Join Pres. Germ for Live-streamed EndPolio Status Update on Oct. 24th

John-GermBy John F Germ, President, Rotary International

In 1979, James Bomar Jr., the president of Rotary at the time, traveled to the Philippines as part of Rotary’s earliest work to immunize children against polio. After he had put drops of vaccine into one baby’s mouth, he felt a child’s hand tugging on his trouser leg to get his attention. Bomar looked down and saw the baby’s brother looking up at him, saying earnestly, “Thank you, thank you, Rotary.” 

Before Rotary took on the task of polio eradication, 350,000 people — nearly all of them children — were paralyzed by polio every year. That child in the Philippines knew exactly what polio was and understood exactly what Rotary had just done for his baby brother.

Polio statue at One Rotary Centre

Polio statue at One Rotary Centre

Today, 31 years after the launch of PolioPlus, the children of the Philippines — and of nearly every other country in the world — are growing up without that knowledge, and that fear, of polio.

Instead of 1,000 new cases of polio every day, we are averaging less than one per week. But as the fear of polio wanes so does awareness of the disease. Now more than ever, it is vitally important to keep that awareness high and to push polio eradication to the top of the public agenda and our governments’ priorities. We need to make sure the world knows that our work to eradicate polio isn’t over yet, but that Rotary is in it to end it.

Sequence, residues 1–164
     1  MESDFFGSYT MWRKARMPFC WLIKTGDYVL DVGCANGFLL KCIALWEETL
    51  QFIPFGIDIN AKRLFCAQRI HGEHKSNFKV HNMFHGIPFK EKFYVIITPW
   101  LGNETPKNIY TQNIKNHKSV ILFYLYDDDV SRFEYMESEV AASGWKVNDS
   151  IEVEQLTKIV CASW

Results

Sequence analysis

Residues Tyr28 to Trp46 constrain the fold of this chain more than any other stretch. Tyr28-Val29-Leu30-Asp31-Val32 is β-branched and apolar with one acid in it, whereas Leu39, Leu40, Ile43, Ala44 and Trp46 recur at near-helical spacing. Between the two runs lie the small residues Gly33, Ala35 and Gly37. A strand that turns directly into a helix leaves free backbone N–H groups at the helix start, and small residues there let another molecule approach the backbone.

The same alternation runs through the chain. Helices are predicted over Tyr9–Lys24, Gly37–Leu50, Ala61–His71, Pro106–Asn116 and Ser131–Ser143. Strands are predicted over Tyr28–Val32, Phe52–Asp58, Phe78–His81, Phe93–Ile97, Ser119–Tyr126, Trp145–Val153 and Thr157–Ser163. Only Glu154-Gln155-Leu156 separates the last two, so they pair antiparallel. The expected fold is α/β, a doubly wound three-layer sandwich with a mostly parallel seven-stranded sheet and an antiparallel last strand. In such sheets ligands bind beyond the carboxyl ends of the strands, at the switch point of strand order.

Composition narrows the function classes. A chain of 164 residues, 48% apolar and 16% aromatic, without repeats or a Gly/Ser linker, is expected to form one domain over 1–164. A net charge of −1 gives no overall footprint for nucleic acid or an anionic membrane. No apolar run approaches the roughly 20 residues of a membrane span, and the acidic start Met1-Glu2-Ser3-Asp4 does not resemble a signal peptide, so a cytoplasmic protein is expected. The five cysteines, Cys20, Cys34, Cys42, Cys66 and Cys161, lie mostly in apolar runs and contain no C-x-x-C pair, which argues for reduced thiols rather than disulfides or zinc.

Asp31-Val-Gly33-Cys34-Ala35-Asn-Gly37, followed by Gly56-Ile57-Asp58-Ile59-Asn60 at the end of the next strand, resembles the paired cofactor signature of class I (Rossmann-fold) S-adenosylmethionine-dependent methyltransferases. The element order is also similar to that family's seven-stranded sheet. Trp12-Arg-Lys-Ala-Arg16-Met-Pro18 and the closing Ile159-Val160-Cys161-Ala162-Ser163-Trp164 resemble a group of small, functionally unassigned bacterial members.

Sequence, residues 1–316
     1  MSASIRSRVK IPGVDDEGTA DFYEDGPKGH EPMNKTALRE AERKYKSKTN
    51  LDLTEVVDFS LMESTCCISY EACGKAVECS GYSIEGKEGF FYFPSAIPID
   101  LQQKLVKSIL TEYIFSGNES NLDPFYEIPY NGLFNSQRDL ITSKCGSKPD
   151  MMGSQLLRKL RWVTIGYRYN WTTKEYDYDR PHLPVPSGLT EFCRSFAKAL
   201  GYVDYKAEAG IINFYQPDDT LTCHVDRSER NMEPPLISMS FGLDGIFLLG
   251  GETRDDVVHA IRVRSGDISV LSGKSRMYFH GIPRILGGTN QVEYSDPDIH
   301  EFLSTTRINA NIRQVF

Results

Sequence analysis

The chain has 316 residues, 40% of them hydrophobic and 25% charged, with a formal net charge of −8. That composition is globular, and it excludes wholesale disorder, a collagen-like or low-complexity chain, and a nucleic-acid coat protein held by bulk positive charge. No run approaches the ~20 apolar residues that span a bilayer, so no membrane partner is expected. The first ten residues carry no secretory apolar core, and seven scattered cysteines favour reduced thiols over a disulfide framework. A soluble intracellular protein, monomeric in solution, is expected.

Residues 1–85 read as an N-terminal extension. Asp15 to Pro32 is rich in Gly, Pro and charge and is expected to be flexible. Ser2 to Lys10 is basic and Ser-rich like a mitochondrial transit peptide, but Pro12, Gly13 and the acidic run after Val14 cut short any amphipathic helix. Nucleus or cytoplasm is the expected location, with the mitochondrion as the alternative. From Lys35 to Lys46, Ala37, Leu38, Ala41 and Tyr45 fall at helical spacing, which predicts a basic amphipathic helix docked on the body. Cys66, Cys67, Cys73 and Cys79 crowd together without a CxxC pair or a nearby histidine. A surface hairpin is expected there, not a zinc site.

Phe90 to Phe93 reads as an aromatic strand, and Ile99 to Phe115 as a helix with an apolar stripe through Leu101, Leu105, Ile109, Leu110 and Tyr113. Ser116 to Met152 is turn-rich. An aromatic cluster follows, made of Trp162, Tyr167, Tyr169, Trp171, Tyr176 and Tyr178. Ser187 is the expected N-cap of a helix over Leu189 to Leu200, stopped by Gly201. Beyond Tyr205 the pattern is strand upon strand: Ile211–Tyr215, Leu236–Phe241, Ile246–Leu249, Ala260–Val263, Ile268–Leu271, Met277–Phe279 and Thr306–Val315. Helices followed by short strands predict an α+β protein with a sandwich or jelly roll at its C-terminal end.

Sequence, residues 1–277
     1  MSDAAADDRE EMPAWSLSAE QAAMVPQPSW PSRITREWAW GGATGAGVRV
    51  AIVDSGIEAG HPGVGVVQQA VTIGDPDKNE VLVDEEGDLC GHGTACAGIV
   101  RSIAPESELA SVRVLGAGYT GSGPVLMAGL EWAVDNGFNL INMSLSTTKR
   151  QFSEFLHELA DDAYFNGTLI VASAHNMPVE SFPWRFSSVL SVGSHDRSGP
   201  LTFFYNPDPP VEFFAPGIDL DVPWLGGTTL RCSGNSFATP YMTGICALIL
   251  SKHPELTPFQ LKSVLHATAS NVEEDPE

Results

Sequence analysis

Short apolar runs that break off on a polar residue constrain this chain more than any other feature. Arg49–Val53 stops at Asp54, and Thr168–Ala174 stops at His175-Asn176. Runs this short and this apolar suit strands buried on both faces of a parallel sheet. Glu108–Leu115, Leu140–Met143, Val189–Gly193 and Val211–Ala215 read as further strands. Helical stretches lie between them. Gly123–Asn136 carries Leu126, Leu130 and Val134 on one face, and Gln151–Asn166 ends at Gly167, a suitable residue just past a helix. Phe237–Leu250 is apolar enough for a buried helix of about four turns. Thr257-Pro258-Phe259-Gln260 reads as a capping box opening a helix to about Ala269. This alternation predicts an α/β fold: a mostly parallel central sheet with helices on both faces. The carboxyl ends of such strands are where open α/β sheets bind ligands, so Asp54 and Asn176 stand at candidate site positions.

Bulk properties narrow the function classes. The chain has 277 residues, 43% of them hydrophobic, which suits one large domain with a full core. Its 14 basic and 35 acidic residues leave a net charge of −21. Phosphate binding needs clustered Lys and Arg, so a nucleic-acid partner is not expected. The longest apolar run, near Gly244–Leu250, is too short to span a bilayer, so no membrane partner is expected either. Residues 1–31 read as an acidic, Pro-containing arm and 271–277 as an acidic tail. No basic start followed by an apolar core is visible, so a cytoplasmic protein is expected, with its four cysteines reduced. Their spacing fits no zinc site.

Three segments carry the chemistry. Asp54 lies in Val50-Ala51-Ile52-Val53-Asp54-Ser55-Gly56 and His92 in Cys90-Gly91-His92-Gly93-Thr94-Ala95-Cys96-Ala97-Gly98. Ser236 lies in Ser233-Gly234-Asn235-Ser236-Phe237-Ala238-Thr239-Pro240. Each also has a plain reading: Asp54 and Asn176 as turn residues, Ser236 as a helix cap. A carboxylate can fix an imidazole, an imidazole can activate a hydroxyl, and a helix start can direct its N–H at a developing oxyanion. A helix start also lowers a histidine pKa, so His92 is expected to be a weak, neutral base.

On 24 October, Rotary will mark World Polio Day to help raise the awareness and the funding we need to reach full eradication. I ask all of you to take part by holding an event in your club, in your community, or online.

Ideas and materials are available for download in all Rotary languages at  endpolio.org/worldpolioday,  and you can register your event with Rotary at the same link.

You can also join me and tens of thousands of your fellow Rotarians for a live-streamed global status update at 6 p.m. Eastern time at the U.S. Centers for Disease Control and Prevention in Atlanta. I’ll be there along with CDC Director Tom Frieden, other experts, and inspirational presenters, sharing an inside look at the science, partnerships, and human stories of polio eradication.

It is an incredibly exciting time to be a Rotarian. We are gathering momentum for the final race to the finish: to the end of PolioPlus and the beginning of a polio-free world. It is truly a once-in-a-lifetime chance to End Polio Now, through Rotary Serving Humanity.

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